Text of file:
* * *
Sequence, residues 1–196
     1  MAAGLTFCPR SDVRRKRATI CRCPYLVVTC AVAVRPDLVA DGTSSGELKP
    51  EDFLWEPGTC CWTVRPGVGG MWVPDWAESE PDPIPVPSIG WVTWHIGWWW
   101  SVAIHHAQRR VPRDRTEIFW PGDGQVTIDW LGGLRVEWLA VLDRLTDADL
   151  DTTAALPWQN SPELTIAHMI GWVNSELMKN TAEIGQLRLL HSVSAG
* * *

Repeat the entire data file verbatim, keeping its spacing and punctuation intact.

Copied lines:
Sequence, residues 1–196
     1  MAAGLTFCPR SDVRRKRATI CRCPYLVVTC AVAVRPDLVA DGTSSGELKP
    51  EDFLWEPGTC CWTVRPGVGG MWVPDWAESE PDPIPVPSIG WVTWHIGWWW
   101  SVAIHHAQRR VPRDRTEIFW PGDGQVTIDW LGGLRVEWLA VLDRLTDADL
   151  DTTAALPWQN SPELTIAHMI GWVNSELMKN TAEIGQLRLL HSVSAG